Inductive Direct-Conversion Radiation Detectors
The inductive conversion method is based on the detection of the inductive load on the coil by the charge carriers produced in the semiconductor by the high energy radiation (X-ray, Gamma-ray) rather than collection of these charges at the electrodes by applying electrical field. This load is associated with the energy losses due to absorption of RF radiation by the radiation produced charge carriers reducing quality factor (Q) of a coil-capacitance resonant circuit.
Absorption of the radiation by the free charge carriers relates to any electromagnetic radiation, the visible light, the infrared and longer wavelengths radiation such as RF. The longer the wavelength of the electromagnetic radiation the larger contribution of the free carriers to the absorption. This contribution is approximately proportional to the square of the radiation wavelength. Therefore, while measurable free carrier contribution to the absorption of the infrared radiation requires high density of carriers (high doping), free carrier absorption of the RF radiation allows to detect number of charge carriers equivalent to that produced by a single high-energy photon.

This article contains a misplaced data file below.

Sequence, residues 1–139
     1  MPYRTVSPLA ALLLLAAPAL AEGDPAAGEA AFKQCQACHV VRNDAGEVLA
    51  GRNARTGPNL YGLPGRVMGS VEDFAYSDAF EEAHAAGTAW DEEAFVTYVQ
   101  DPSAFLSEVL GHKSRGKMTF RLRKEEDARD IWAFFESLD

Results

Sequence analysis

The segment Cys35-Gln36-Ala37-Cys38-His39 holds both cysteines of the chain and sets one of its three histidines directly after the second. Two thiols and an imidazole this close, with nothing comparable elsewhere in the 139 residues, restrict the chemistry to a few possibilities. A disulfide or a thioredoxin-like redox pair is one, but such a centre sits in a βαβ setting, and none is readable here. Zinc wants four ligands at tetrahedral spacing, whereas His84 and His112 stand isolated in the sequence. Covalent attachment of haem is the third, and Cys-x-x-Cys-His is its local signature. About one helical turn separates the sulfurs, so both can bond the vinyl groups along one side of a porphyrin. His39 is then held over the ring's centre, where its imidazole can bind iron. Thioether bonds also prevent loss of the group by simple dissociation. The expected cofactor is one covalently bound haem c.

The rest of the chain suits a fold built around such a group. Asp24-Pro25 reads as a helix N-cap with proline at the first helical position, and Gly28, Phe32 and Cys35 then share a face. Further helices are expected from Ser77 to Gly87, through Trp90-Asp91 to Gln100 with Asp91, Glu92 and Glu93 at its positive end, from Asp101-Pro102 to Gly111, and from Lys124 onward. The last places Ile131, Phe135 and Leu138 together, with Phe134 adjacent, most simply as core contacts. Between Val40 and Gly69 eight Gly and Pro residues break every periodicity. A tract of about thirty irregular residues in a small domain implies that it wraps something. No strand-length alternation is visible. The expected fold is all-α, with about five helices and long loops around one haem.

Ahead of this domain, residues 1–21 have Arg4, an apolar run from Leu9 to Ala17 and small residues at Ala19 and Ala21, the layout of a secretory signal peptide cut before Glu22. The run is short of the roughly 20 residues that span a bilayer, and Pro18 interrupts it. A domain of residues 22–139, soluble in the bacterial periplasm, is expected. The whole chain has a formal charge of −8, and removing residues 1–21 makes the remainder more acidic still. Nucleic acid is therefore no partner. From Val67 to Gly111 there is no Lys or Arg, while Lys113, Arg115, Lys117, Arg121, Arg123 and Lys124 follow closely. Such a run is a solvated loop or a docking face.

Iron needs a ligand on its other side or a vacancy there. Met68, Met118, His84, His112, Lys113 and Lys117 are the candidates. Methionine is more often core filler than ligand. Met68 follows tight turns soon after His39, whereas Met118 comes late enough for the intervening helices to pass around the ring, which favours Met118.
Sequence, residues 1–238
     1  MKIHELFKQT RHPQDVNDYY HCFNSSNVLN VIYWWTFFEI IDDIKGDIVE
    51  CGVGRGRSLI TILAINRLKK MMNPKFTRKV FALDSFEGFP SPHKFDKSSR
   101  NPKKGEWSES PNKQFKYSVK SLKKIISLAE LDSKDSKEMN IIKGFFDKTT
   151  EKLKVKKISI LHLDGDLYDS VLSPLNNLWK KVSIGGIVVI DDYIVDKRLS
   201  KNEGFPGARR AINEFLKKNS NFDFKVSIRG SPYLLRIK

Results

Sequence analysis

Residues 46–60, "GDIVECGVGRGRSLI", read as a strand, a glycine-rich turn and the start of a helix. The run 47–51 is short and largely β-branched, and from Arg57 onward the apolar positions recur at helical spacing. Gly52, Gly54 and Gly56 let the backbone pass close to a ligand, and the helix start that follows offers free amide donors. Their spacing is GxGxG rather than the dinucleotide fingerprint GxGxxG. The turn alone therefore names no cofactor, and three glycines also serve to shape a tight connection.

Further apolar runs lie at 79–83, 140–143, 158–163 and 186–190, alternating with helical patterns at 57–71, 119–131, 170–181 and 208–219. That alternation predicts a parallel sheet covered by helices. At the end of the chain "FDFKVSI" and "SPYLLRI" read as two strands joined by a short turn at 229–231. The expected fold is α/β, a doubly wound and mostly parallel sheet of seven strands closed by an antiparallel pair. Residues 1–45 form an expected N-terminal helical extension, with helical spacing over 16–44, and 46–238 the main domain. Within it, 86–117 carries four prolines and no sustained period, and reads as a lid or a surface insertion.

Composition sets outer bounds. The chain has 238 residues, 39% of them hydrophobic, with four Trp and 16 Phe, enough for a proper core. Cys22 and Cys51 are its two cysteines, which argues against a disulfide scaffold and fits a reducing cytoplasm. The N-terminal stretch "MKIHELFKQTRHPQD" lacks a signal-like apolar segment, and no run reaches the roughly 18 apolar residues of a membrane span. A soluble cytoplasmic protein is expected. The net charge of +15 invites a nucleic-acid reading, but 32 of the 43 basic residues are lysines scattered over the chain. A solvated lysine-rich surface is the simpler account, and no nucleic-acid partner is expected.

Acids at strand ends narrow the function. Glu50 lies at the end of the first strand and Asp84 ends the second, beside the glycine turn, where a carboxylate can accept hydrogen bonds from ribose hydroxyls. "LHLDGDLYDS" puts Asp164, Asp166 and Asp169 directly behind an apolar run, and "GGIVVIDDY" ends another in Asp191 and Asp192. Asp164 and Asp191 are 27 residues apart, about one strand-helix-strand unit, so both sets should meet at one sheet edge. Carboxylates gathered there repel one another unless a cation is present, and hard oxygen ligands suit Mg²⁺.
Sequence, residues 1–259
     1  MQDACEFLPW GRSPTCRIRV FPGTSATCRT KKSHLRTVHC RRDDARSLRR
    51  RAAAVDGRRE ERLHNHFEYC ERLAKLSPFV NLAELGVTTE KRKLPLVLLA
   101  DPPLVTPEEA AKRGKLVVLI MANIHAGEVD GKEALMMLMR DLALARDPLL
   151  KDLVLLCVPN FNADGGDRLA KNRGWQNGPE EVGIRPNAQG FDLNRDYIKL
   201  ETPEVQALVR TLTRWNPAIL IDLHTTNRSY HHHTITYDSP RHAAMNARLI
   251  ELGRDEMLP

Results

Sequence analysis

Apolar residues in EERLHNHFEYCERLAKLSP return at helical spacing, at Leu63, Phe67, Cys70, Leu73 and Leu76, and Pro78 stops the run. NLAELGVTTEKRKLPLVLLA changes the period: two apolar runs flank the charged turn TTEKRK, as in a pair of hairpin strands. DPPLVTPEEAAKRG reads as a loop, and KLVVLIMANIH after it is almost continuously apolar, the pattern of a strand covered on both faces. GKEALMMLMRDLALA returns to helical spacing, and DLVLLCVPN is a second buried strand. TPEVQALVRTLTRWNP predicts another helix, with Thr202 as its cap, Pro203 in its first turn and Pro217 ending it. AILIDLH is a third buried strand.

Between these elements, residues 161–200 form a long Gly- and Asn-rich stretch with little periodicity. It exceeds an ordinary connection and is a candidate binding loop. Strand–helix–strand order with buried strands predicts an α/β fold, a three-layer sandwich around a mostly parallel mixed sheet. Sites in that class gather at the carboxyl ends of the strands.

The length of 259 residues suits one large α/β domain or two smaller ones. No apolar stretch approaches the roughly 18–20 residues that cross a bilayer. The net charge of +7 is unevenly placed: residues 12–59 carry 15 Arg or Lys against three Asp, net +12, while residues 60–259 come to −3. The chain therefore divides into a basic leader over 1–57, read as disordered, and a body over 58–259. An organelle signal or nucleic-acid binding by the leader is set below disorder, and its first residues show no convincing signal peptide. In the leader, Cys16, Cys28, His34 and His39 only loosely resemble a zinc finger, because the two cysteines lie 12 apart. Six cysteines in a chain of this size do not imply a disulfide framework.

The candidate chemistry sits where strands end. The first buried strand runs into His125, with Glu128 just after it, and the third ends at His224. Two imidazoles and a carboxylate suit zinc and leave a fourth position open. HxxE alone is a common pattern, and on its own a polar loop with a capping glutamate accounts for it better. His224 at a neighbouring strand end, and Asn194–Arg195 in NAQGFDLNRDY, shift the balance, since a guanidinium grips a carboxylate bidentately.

Unlike detectors based on the photoconductive principle, inductive radiation sensing technology detects radiation generated charge carriers at the location where they are created and does not require high carrier mobility, low defect density materials and does not require high voltage biasing. Performance of inductive detectors even improves with increasing density of the defects. Therefore the use of polycrystalline materials results in a substantial increase of the readout sensitivity and energy resolution as compared to detectors based on low defect density monocrystalline materials such as high resistivity CdZnTe (CZT).
E. Kamieniecki, http://dx.doi.org/10.13140/RG.2.2.28670.23369, Patents: US 10,018,738 B2, U.S. 10,338,237 B2.